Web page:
The JPS2011 contains only IgG4 in serological markers, but not gammaglobulinemia, nonspecific autoantibodies such as antinuclear autoantibody.5 We confirmed that the cutoff level of serum IgG4 (<135 mg/dL) using 717 cases of AIP and 577 cases of pancreas cancer was appropriate.5 Histopathologic findings are the same as LPSP, which contains the following 4 histopathologic criteria: (1) prominent infiltration of lymphocytes and plasmacytes and fibrosis, (2) prominent infiltration of IgG4-positive plasma cells and lymphocytes, (3) storiform fibrosis, and (4) obliterative phlebitis. In the histological criterion regarding IgG4-positive cells, the Japanese comprehensive diagnostic criteria (CDC) for IgG4-related disease require both more than 10 IgG4-positive cells /HPF and more than 40% of the ratio of IgG4/IgG-positive cells.2 Different from the Japanese CDC criteria, the JPS2011 requires 1 criterion, more than 10 IgG4-positive cells/HPF by biopsy specimen, which follows the ICDC1 and the Consensus Statement on the Pathology of IgG4-related disease.6
The previous JPS2002 and JPS2006 criteria used in Japan did not contain OOI in diagnosis of AIP.2,3 Among many OOIs previously reported, sclerosing cholangitis, sclerosing sialoadenitis, and retroperitoneal fibrosis are recommended as the typical OOI in JPS2011, which follows the ICDC. As the same as Asian criteria or ICDC, an optional steroid trial was included in diagnostic criterion only after denying malignancy using EUS-FNA by experts. Different from the previous Japanese criteria, the patients with AIP are diagnosed as having definitive, probable, or possible AIP by a combination with criteria described previously, similar to the concept of the ICDC.4 Although the JPS2011 is focused on type 1 AIP, some patients with type 2 AIP, extremely rare in Japan, may be diagnosed as possible AIP. As ERCP is more commonly performed to diagnose AIP or pancreas cancer compared with EUS-FNA in Japan, ERCP is essentially required in the diagnosis of focal/segmental type of AIP. However, to follow the concept of the ICDC as much as possible, the following exceptional case can be acceptable only by an expertise. When a patient with a focal/segmental image of AIP on computed tomography/magnetic resonance imaging without ERCP findings fulfill more than one of III (serum IgG4), IVb (2 of pathological findings), and V(a/b) (OOI), he/she can be diagnosed as possible AIP only after the negative workup for malignancy by EUS-FNA, and confirmed as probable one by an optional steroid response.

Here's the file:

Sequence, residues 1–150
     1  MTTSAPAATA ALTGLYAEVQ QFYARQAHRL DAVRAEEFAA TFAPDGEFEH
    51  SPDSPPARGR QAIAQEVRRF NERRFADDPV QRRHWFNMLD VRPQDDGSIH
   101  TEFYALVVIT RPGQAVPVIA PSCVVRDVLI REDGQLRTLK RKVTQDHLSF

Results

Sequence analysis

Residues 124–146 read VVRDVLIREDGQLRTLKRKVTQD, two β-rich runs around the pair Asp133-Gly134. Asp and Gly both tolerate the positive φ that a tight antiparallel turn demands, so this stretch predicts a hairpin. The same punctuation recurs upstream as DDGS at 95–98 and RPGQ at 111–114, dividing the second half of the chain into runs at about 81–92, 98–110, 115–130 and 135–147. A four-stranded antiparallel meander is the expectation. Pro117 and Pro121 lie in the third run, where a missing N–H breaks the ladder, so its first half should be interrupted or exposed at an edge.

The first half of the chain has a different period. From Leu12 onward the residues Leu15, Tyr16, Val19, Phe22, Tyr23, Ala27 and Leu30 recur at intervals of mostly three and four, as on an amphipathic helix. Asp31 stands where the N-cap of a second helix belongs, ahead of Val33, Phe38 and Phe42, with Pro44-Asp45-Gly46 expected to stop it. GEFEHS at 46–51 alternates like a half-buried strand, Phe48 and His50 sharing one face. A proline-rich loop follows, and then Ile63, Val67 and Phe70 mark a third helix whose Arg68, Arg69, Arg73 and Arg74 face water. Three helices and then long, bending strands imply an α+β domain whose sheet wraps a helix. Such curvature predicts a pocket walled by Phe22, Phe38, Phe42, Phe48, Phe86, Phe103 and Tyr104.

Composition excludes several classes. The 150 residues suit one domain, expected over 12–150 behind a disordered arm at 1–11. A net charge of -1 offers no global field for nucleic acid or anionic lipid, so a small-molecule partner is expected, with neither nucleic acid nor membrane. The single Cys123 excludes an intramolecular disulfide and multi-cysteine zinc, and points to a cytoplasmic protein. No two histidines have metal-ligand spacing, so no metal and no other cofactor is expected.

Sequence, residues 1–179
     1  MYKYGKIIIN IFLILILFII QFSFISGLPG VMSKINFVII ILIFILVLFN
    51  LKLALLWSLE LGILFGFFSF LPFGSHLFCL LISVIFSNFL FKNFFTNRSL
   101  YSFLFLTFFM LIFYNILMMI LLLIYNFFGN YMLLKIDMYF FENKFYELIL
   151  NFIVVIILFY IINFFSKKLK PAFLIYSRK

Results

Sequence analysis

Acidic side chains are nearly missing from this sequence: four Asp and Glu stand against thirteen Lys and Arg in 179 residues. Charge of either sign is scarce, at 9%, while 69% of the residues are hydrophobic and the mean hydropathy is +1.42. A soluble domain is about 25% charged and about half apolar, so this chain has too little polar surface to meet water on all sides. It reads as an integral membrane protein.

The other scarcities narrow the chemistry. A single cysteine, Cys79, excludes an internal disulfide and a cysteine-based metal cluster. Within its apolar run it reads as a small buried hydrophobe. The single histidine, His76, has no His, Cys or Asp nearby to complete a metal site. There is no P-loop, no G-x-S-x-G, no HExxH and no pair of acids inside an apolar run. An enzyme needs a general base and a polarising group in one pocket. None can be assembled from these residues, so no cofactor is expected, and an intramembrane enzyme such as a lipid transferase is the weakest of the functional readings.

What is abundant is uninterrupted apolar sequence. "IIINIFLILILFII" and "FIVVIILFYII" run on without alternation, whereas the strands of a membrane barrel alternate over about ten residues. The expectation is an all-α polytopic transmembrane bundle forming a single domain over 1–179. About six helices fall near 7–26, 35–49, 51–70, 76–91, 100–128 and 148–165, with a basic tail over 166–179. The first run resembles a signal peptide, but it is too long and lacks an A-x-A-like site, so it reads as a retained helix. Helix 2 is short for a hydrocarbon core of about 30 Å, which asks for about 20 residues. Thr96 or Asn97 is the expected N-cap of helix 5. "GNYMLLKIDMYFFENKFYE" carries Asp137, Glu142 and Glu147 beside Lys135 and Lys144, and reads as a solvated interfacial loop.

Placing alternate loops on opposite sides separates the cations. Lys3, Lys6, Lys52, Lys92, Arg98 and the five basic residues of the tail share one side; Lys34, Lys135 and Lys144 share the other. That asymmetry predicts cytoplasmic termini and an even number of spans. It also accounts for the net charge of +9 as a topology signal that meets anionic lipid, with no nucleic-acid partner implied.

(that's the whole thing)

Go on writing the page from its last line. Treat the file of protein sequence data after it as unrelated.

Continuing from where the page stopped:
The RCIPD-MLHWJ is now studying a nationwide survey of type 2 AIP in Japan as well as type 1 AIP. When the clinical features of the Japanese patients with type 2 AIP are clarified in the near future, the clinical diagnostic guidelines in Japan should be modified.
Kazuichi Okazaki, MD, PhD
Department of Gastroenterology and
Hepatology Kansai Medical University Osaka
Tooru Shimosegawa, MD, PhD
Division of Gastroenterology Tohoku
University Graduate School of Medicine
The working Group Members of the Japan
Pancreas Society and the Research
Committee for Intractable Pancreatic
Disease by the Ministry of Labor, Health and
Welfare of Japan
This study was supported by a grant of Health and Labor Sciences Research Grants for Intractable Diseases, from the Minister of Labor and Welfare of Japan.
The authors declare no conflict of interest.
Supplemental digital content is available in the text.